The Juilliard Piano Department launched its new Piano Scope program with an exciting evening devoted to the works of Debussy. The first event in what will hopefully become a lively tradition—Claude Debussy: 24 Preludes, 24 Pianists—was hosted by guest pianist Richard Goode and curated by Juilliard faculty member Aaron Wunsch. The concert, on October 24, was the culmination of a series of master classes that brought together two dozen students from across divisions of studio and degree programs to delve into Debussy’s 24 Preludes, his beloved and seminal contribution to the piano repertoire, and to explore the composer’s extensive and fruitful relationship with the visual arts.
The Preludes, divided into two books of 12 and composed between 1909 and 1913, have been favorites of pianists and audiences since their premieres. These short solo works, with their mysterious and alluring postscript “titles,” combine great expression and imagination with extreme economy. One is instantly drawn in but, like a fleeting reverie, each ends before interest wanes. In short, they are perfect miniatures.
“If I had to sum up the music of Debussy in one word, it would be ‘enchantment.’ Everything combines to create a great imaginary world,” Goode told the audience. To help the 24 performers enter this imaginary world, Goode had coached each of them in a trio of master classes prior to the concert.
To assist the audience in entering this world, Wunsch began the evening with an imaginative presentation that illuminated Debussy’s philosophical goals by discussing the visual artworks that had inspired him.
Debussy, born 150 years ago this year, once said “I love pictures almost as much as I love music.” He’s long been labeled an Impressionist, and his music has been almost inextricably connected in popular imagination with the paintings of Claude Monet. The label was not one that Debussy intended, according to Wunsch, nor is it an accurate representation of Debussy’s goals. “First, Debussy was not trying to imitate Impressionist painting,” Wunsch said, “and second, he did not have the same ideals as those painters.” Wunsch explained that while the Impressionist movement in art grew out of Realism, Debussy’s philosophy grew out of his attraction to other kinds of art, and the symbolist movement in literature, which strove to represent reality indirectly through metaphor and allusion. A particular attraction was the poetry of Stéphane Mallarmé, author of L’après-midi d’une faune, the text that inspired one of Debussy’s most famous works.
Debussy was more directly influenced by the works of James McNeill Whistler, J. M. W. Turner, Diego Velázquez, and Japanese woodblock-print makers such as Hokusai. These artists, generally speaking, flattened perspective, enlarged the proportion of negative space, and limited their palettes to create works that are extremely nuanced, evocative, atmospheric, and fundamentally asymmetrical.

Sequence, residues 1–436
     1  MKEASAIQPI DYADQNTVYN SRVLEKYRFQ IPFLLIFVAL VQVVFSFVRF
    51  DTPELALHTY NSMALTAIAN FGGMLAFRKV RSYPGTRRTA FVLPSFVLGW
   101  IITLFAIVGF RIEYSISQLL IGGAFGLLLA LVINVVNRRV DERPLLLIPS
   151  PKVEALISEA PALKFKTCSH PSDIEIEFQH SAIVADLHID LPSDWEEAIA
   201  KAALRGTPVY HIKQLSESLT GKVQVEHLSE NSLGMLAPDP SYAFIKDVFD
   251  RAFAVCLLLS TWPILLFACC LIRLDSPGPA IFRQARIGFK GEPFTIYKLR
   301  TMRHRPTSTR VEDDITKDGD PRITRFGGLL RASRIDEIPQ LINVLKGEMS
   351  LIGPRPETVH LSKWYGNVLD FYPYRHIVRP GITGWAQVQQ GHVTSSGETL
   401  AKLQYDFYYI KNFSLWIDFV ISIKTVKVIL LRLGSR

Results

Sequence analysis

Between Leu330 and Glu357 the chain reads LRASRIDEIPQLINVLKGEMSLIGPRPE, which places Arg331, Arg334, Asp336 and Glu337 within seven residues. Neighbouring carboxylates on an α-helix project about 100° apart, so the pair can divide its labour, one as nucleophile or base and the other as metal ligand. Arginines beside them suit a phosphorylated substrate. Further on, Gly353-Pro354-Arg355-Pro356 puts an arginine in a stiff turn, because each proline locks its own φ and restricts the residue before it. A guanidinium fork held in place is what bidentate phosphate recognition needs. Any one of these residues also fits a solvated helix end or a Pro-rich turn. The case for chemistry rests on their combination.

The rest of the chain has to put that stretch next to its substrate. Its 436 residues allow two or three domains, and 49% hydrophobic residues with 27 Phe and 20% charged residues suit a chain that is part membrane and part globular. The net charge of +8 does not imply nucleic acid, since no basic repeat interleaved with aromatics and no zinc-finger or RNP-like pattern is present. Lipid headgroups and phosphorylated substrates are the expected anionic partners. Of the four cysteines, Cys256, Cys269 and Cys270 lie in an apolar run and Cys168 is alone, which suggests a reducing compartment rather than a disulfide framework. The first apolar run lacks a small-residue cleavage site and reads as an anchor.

Debussy’s preludes are simultaneously colorful and monochromatic, and listening to any one of them brings these descriptors to mind. No wonder, Wunsch said, that Debussy once remarked that “a painting executed in gray is the true ideal.”
Perhaps the most monochromatic of painters was Whistler, now best known for his painting of his mother, but known during his lifetime more widely for a series of Nocturnes. Wunsch showed his Nocturne in Black and Gold—The Falling Rocket (1877), whose showers of gold paint distributed asymmetrically across a primarily black canvas were so disorienting that its initial exhibitors mistakenly hung it upside-down. Whistler was perhaps Debussy’s favorite contemporary painter, and this painting brings to mind both his final prelude, Feux d’artifice (Fireworks), and his orchestral triptych Nocturnes.
Another work that Debussy greatly admired was Hokusai’s Great Wave off Kanagawa from his 1830s series 36 Views of Mount Fuji (Monet was also an admirer and owned one of the original prints). Debussy used it on the cover of his 1905 orchestral work La Mer (The Sea). He also created a set of three pieces for piano solo in 1903—Estampes (Prints)—inspired in part by scenes in Japanese prints.
Wunsch was careful to mention, however, that the connections between music and specific works of art were probably not intended by Debussy to be explicit ones, but rather a manifestation of “shared aesthetic concerns.”
The performances themselves were each thoughtful and beautifully executed. This refreshing exploration of a great work and the milieu of its creation served as a model for artists who wish to make connections between their repertoire and other genres and disciplines, and one hopes that it represents the beginning of not only a series, but also a tradition of engagement and curiosity with even the most familiar works, that they may continue to remain fresh and surrender new secrets.